Minneapolis parents are voicing new concerns over the public high schools' switch from yellow school buses to Metro Transit, especially because the Go-To Pass program will expand to two more schools this fall.
Parents who oppose the program got vocal just last month after several teens were assaulted near public bus stops, but there are others who
Nonetheless, there are those who really like the idea of the program.
"I've pretty much been around this whole town on the bus, not having to depend on my mom to pick me up and drop me off," said Washburn High School senior Candice Silvan.
Silvan told FOX 9 News she gladly picks riding Metro Transit over the traditional yellow buses.
"Freshman and sophomore year, I had a bus that dropped me off like 40 blocks from my house," she recalled. "So, I had to walk almost like a mile and a half and it's not the best neighborhood."
Independence is another reason behind Silvan's preference.
"It's preparing me for college next year because next year I'll be off on my own," she smiled.
The Minneapolis Public School District cut yellow buses from the budget and replaced them with the Go-To Pass program at most high schools. The program allows students to ride public transportation from 5 a.m. to 10 p.m. during the week -- for free.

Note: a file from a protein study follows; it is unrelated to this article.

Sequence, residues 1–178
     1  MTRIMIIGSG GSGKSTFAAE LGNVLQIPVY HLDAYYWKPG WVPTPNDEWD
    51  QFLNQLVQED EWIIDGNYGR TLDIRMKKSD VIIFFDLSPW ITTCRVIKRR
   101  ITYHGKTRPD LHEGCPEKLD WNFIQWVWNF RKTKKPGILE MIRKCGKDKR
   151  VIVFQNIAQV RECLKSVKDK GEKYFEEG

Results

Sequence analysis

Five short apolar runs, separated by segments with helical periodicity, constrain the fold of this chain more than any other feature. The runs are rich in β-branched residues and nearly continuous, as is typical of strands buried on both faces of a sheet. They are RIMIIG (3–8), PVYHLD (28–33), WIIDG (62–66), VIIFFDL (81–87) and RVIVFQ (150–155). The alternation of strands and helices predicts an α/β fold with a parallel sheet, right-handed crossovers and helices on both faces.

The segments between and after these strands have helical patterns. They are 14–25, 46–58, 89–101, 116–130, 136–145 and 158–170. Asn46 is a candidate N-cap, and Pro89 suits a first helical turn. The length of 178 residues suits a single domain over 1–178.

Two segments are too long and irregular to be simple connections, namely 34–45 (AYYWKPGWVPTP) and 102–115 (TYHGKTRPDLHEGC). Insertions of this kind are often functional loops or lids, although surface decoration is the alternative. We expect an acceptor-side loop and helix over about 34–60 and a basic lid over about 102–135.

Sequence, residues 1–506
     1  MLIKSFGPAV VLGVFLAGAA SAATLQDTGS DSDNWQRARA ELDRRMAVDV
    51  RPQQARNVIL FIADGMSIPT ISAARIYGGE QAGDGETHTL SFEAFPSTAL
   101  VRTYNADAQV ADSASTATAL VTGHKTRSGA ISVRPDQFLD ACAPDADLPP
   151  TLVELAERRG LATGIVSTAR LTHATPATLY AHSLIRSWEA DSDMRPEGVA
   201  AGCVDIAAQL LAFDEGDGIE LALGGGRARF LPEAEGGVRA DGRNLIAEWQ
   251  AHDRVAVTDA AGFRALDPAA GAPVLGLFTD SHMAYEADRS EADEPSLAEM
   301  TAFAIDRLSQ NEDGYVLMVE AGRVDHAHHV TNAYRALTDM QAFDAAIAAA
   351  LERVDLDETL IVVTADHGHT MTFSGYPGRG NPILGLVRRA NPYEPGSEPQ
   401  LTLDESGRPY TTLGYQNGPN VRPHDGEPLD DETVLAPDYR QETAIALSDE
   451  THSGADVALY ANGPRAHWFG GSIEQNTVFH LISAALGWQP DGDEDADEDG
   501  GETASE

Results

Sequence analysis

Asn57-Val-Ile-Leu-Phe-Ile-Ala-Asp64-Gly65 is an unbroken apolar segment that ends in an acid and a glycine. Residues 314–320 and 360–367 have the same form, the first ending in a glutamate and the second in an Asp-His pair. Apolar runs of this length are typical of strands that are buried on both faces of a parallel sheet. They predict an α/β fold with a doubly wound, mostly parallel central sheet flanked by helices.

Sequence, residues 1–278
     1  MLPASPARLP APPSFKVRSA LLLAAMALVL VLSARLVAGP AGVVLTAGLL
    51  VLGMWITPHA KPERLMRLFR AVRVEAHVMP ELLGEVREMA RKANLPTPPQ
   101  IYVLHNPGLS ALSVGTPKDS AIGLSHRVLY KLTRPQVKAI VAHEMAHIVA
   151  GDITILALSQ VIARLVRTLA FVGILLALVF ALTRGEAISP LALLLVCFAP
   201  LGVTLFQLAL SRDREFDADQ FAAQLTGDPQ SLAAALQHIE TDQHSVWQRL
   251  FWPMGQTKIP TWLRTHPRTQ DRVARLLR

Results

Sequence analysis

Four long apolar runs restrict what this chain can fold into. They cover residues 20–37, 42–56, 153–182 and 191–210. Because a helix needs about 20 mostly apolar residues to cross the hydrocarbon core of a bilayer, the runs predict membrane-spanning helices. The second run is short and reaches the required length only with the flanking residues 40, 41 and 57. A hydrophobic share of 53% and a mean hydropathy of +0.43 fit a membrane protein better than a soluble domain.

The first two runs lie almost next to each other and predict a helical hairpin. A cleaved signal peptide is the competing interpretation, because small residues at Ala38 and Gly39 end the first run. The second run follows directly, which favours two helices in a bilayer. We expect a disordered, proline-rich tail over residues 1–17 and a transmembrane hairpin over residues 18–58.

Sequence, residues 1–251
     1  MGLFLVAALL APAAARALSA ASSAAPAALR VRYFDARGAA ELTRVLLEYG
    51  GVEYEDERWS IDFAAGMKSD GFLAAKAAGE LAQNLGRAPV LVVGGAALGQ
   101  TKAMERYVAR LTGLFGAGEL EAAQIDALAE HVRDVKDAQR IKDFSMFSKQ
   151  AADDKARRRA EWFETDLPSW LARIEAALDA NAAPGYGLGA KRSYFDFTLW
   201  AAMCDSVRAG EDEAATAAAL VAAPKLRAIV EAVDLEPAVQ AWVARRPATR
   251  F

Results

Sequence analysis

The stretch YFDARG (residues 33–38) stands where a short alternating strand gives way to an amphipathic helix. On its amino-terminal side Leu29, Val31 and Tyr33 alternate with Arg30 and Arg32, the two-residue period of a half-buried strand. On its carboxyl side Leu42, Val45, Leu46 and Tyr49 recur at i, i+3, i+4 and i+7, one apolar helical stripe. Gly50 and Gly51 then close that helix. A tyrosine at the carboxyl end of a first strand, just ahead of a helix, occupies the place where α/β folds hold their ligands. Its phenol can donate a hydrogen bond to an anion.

"Allowing your young person to ride the public transportation is also a way for them to mature and to be exposed to the public," said Rhea Jackson, a parent. "I think it's wonderful! There are other cities that have been far beyond us."
The only high schools yet to phase into the Go-To Pass program are South and Southwest. Both are slated to begin on Metro Transit this fall -- but the expansion is raising concerns after two assaults and 12 district-cited incidents involving students at Metro Transit stops.
"Does someone need to die before something gets done? My son was threatened with a gun!" Tracy Knightingale told FOX 9 after her son was assaulted near Patrick Henry High School.
Parents aren't only concerned about fights or thefts that could happen at bus stops. The type of assault worrying some is one that often goes unreported -- sexual assault. Some worry that predators will be more inclined to target girls hopping Metro Transit than those boarding yellow busses.
"Young teenage girls make up 51 percent of sexual assaults and only 31 percent actually will report it just because of the social stigma, embarrassment," said Vicky Lynes, a concerned mother.
Lynes cited statistics reported on teenhelp.com, and said she worries that men on the prowl may start cruising bus stops to find vulnerable young girls.
"Now they're going to know, 'Well school's out. We can go to this bus stop because that's where these girls are going to be,'" she said.
Minneapolis Public Schools was unavailable for comment on camera.
At last check, there have been more than one million student rides on Metro Transit and 12 incidents district leaders consider serious. That's a number some believe is far too many for the program's first year.